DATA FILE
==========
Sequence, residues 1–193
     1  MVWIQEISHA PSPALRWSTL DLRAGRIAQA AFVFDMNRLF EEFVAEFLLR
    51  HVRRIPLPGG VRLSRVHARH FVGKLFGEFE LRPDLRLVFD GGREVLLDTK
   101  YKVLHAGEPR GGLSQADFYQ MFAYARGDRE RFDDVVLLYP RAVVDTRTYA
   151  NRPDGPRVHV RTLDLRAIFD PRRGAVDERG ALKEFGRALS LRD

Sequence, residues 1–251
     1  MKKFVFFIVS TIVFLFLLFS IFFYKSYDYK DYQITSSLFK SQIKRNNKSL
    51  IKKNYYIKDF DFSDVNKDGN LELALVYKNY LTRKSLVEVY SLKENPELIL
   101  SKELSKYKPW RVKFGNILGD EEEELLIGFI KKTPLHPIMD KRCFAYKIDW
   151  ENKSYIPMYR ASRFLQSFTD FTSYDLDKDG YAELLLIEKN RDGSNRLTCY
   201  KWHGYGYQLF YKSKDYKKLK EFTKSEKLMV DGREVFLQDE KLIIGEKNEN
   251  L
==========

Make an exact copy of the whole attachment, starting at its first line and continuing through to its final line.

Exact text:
Sequence, residues 1–193
     1  MVWIQEISHA PSPALRWSTL DLRAGRIAQA AFVFDMNRLF EEFVAEFLLR
    51  HVRRIPLPGG VRLSRVHARH FVGKLFGEFE LRPDLRLVFD GGREVLLDTK
   101  YKVLHAGEPR GGLSQADFYQ MFAYARGDRE RFDDVVLLYP RAVVDTRTYA
   151  NRPDGPRVHV RTLDLRAIFD PRRGAVDERG ALKEFGRALS LRD

Sequence, residues 1–251
     1  MKKFVFFIVS TIVFLFLLFS IFFYKSYDYK DYQITSSLFK SQIKRNNKSL
    51  IKKNYYIKDF DFSDVNKDGN LELALVYKNY LTRKSLVEVY SLKENPELIL
   101  SKELSKYKPW RVKFGNILGD EEEELLIGFI KKTPLHPIMD KRCFAYKIDW
   151  ENKSYIPMYR ASRFLQSFTD FTSYDLDKDG YAELLLIEKN RDGSNRLTCY
   201  KWHGYGYQLF YKSKDYKKLK EFTKSEKLMV DGREVFLQDE KLIIGEKNEN
   251  L